Komer also highlighted that the sound effects of a podcast help make the format powerful, giving credit to the podcast’s sound designer, Addison Antonoff ’22. “By simply playing a sound we can transport an audience member anywhere,” Komer told The Hoot. “The audience member is an active participant in making the world come to life. And [Antonoff] … is so clearly aware of this. She creates such specific and moving sounds. Her work is truly breathtaking.”

The various sound effects, such as studio applause during a game show segment, included in each episode helped me visualize each scene despite the fact that it was all conveyed through audio. There are also many jingles added to the fake advertisements, once more paying homage to traditional podcast elements.

As of this writing, there have been three episodes of this podcast released, each one serving as a single act. While Act 1 is told linearly, Act 2 becomes less linear as it goes on, and Act 3 is… abstract, to say the least. When asked about the nonlinear nature of each episode, Komer provided insight. “From the very beginning, we knew that this story would become less and less linear,” she wrote. “[Rtischev] and I saw The Cherry Orchard as a kind of purgatory. The world and the narrative begin to dissolve until we’re immersed in a thematic and emotional soundscape.” 

She also added that the coronavirus pandemic and election season played a large role in the development of the non-linear aspects of each episode. “There was an overwhelming sense of grief that the cast expressed during our first table read,” Komer wrote The Hoot in an email. “The soundscapes we created in the latter episodes of the podcast encapsulate that emotional world. How do we grieve? How do we let go? How do we embrace a new reality?”

Each episode ends with an author’s note, explaining that the character “Firs” was excluded from the Act, but that he does have some kind of importance later on. When asked about those notes, Lauren admitted that when casting the show, they’d actually forgotten to cast the character, which is ironic, given what happens to him at the end of Chekhov’s play. Lauren alluded to that ending, but refrained from saying anything else out of a desire to keep the podcast’s ending a surprise.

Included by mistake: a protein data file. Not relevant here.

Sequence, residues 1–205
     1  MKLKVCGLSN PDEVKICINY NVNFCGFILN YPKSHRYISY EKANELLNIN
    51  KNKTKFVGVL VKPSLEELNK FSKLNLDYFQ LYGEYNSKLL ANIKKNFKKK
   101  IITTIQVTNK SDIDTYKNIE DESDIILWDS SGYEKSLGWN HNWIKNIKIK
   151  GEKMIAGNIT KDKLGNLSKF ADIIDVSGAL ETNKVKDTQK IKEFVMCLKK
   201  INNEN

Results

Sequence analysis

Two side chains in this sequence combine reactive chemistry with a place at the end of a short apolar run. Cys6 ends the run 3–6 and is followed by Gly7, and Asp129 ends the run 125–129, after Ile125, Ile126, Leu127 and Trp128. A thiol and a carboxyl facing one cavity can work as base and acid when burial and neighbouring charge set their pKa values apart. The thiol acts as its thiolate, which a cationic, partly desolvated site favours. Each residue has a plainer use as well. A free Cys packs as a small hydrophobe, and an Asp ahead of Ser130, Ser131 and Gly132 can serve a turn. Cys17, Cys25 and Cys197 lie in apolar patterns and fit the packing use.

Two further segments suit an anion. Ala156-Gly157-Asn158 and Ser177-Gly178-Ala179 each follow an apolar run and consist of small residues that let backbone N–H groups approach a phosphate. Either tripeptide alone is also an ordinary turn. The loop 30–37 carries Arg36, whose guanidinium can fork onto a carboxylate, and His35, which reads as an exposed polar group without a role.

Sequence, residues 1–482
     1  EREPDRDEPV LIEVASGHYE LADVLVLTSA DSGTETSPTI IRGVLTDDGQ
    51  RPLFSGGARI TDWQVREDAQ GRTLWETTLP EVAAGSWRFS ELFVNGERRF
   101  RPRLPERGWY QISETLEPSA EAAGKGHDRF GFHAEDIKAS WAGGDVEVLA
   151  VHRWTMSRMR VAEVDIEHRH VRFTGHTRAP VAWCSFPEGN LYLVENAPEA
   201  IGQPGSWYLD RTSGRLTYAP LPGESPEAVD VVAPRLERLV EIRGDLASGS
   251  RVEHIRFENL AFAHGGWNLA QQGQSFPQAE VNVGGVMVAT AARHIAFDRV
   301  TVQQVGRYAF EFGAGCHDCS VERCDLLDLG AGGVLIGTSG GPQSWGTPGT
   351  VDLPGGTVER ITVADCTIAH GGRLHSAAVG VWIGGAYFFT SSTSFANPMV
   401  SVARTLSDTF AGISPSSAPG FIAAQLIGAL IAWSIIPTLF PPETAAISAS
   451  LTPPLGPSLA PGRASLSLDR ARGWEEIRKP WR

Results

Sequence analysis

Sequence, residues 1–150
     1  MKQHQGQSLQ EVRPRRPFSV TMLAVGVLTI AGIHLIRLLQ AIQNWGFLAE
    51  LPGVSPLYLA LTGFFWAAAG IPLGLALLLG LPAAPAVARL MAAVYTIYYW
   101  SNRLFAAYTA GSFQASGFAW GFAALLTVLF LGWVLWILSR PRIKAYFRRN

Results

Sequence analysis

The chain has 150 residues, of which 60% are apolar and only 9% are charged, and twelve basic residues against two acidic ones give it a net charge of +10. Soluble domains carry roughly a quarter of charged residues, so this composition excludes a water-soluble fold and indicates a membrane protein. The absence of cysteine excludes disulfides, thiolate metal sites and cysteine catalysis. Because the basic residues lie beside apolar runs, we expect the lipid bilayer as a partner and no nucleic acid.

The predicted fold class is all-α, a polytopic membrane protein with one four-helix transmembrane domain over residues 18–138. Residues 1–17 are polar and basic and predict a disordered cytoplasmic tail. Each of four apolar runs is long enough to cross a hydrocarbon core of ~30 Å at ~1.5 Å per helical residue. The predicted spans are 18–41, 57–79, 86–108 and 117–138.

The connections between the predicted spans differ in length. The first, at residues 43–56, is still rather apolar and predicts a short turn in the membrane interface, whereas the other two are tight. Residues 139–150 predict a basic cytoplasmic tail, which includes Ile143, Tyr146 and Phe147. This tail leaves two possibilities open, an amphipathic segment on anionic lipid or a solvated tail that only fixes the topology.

“Anton Pavlovich’s Garden Club” definitely throws its listeners into the deep end of the pool, offering no explanation for its format or plot. Komer suggests that all listeners read the original play, saying, “With any adaptation, it helps to know the original.” She also expressed hope that the podcast would expose more people to Chekhov’s work.

“Anton Pavlovich’s Garden Club” is a fascinating adaptation that captures the essence of its source material and transposes it into a new medium for a new audience. Both its cast and crew should be commended for tackling such a complex play and making it more accessible. By tying Chekhov’s exploration of growing up and leaving the past behind to the overwhelming feelings of grief brought about by the coronavirus pandemic, “Anton Pavlovich’s Garden Club” creates something truly thought-provoking, and it is a pleasure to listen to.

UPDATE: A previous version of this article misspelled Komer’s last name as Kromer.

Menu Title